A first novel told from the perspective of a mentally limited man caught up in forces beyond his control.
Perry L. Crandall (“L” for Lucky) isn’t retarded—he’ll tell you so. His beloved Gram tells him being slow isn’t a bad thing; he’ll get where he needs to go in his own time. She also warns Perry about whom to trust in the world, and especially to value his own abilities and instincts. After Gram dies, his absent mother and siblings swindle him out of the house she left him. Under the protective eyes of his boss Gary, Vietnam vet Keith and convenience-store clerk Cherry, Perry settles into a new routine on the waterfront in Everett, Wash. He has a job at Holsted’s Marine Supply, an apartment over the shop, and he takes weekly trips to the Handy Mart to buy lottery tickets. When one ticket pays off with $12 million, Perry is plunged into a new world of fame, wealth and false friends. Predictably, his avaricious family members plot to get their hands on his fortune, but Perry’s well-meaning friends are equally worrisome as they happily help him fritter away his winnings and offer amateurish if well-intentioned advice. Tired of the constant pressure for him to sign his Power, as he calls the power-of-attorney document, Perry makes a surprising decision that settles for good the problem of his family and the money. Wood does a good job of scene setting, and the tension around whether—or when—Perry will be swindled out of his money makes the middle of the book a page turner. At the same time, the narrative voice is rather flat, and some of the developments are unrealistic.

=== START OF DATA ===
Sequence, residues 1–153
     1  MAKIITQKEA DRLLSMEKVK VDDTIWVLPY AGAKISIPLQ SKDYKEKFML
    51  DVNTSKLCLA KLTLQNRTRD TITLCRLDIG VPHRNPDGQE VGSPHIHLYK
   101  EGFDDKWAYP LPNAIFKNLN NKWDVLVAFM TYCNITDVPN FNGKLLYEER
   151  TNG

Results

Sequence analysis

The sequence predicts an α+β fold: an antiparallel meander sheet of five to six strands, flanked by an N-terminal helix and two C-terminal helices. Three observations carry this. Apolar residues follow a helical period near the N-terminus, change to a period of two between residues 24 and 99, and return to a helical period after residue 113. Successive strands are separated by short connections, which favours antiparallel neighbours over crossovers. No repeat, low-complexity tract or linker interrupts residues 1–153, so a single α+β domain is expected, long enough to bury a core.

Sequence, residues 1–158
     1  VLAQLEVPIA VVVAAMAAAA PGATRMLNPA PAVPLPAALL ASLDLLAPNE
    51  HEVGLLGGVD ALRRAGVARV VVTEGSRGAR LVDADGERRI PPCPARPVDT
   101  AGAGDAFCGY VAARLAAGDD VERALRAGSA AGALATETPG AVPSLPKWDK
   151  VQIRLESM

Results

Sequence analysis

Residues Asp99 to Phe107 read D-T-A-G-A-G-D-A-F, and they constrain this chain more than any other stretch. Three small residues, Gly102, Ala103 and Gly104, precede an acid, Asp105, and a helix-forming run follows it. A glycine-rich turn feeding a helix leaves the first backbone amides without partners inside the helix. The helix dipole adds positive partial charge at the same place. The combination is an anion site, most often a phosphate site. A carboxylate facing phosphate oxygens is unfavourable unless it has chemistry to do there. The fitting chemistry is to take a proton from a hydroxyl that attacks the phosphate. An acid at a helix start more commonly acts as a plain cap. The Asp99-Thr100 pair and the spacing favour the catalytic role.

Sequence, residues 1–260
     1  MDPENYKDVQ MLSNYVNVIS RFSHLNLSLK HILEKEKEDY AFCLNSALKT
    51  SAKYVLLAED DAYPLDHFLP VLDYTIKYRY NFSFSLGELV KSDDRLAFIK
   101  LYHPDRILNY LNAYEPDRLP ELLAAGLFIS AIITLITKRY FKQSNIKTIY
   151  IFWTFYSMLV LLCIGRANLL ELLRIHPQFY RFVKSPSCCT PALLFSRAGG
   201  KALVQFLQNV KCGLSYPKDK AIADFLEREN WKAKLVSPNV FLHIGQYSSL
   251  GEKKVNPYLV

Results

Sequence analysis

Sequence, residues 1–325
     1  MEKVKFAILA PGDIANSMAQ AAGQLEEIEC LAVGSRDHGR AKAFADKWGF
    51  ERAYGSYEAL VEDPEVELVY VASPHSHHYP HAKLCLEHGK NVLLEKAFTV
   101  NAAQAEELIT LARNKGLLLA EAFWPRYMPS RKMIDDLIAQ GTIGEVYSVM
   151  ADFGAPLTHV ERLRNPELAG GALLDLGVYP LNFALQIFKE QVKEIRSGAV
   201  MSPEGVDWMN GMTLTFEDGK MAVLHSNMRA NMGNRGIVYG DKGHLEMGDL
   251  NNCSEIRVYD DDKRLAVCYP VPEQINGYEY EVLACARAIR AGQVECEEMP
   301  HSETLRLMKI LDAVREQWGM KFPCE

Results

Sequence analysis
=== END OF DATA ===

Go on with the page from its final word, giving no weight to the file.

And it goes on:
A thought-provoking idea imperfectly executed.